Written by: Ancient Hand
Eidolon: an idealized person or thing/a specter or phantom.
Given the occult and ghostly existence of the dungeon synth/ dark ambient project Old Tower, it is easy to assume the latter definition is the intended use of the word in the context of this album title. However, the incredible popularity of this project makes both definitions worthy of inspection. The final idealized proclamation/person, or the final specter? I would argue a combination of these is the most fitting way to interpret the title. The final idealized specter, whose records are resold on Discogs for insane upmarket values returns with a new full length, and this comes after the conclusion of the “Grim Alchemy” trilogy, a series of EPs that I was a massive fan of. My favorite dungeon synth material ever is easily the first EP in the trilogy, Drachenblut.
In terms of full lengths, this release is a follow-up to 2018’s Stellary Wisdom, an album that is my least favorite Old Tower material. Now, after releasing my least favorite and favorite material back to back, how does this new Old Tower record stack up?
Written by: Lichtmensch, Loveloth, and Ancient Hand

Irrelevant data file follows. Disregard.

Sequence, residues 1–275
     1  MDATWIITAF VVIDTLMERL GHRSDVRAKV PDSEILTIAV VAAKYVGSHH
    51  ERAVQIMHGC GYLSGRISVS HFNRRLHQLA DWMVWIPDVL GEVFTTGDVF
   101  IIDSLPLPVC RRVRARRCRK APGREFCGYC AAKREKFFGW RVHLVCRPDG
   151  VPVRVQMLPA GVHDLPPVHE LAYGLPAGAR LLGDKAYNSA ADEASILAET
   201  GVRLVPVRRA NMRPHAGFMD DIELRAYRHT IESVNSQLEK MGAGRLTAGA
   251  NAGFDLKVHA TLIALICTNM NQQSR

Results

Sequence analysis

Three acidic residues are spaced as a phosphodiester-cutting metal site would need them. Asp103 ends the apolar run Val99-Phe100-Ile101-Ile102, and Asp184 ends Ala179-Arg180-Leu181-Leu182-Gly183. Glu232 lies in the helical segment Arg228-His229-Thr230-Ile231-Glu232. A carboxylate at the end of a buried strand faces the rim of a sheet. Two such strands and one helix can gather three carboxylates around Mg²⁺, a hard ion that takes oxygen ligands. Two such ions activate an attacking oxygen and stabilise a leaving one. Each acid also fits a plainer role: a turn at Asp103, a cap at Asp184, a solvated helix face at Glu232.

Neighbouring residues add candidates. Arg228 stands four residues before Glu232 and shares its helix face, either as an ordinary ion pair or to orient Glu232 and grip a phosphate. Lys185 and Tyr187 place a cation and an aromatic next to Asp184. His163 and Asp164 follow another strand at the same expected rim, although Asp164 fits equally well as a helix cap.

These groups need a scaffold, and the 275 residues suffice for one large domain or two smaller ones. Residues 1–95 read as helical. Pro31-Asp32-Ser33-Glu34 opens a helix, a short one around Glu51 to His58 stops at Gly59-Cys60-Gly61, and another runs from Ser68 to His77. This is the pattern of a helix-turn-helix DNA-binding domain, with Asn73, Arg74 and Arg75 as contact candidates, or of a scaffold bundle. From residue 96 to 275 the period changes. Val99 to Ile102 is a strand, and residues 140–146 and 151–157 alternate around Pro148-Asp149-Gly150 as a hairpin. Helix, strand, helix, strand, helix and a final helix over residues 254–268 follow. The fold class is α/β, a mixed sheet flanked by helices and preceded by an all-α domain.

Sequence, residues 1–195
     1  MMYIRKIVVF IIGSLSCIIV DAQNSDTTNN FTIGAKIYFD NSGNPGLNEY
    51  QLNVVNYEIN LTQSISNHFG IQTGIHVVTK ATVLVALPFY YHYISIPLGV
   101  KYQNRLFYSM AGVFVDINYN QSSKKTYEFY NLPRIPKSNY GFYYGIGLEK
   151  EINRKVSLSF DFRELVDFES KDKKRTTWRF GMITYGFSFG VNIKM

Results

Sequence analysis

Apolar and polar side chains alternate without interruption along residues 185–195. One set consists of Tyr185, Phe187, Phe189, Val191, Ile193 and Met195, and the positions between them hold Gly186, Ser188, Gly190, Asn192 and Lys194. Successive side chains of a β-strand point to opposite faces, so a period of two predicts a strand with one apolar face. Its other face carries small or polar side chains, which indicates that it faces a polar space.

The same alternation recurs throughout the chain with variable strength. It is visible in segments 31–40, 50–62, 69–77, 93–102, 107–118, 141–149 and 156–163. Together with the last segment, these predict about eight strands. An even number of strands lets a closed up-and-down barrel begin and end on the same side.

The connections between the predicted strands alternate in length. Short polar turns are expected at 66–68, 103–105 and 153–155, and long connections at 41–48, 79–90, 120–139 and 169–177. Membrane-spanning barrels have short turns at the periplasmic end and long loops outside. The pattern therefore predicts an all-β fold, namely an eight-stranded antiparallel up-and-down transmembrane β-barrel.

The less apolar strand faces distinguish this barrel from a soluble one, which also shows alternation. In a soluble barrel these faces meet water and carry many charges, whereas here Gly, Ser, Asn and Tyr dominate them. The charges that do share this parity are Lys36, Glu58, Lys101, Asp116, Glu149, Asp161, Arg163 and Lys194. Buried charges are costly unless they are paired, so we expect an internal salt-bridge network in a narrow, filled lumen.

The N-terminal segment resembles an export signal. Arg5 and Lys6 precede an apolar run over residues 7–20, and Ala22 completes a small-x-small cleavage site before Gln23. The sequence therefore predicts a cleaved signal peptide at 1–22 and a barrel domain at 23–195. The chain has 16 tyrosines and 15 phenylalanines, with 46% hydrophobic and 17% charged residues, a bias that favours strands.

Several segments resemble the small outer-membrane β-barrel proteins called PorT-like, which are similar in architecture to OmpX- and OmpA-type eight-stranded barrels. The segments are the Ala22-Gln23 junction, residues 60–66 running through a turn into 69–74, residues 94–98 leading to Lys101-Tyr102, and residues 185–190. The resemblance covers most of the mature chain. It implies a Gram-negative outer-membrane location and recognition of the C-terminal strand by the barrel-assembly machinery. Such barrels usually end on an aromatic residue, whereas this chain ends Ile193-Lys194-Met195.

"But wait!" the haters said, sweating feverishly. "This is a metal review site! Get this pop crap out of here!" Needless to say, said haters are now....disposed of, and the Village is significantly quieter for it. Miss Anthropocene an album many of our writers enjoyed, and it is also hardly a stretch to justify Grimes' latest iteration as "heavy." On her long-awaited followup to 2015's revered Art Angels, Grimes pushes pop to a dark and ethereal place. Utilizing a healthy blend of sounds and genre aesthetics, Miss Anthropocene decries stagnation.
The Sleeping Village's cabal of scribes is a multifaceted lot, and when a Grimes review was proposed, three unique individuals--Lichstman, Loveloth, and Ancient Hand--were all excited to put in their two cents regarding Miss Anthropocene. In cases like these, where a frank and friendly discussion between friends seems more productive than a bunch of separate reviews, we break out a rare but ancient form of communication: the conversation. So, here it is: the long-belated followup edition of Twofold Treatise-- but, in this case, we're not dealing with two slumbering critics, but rather three. Hence: Threefold Treatise.
We provide thoughtful reviews of music that is heavy, gloomy...and loud enough to wake us from slumber. Written by a highfalutin peasantry!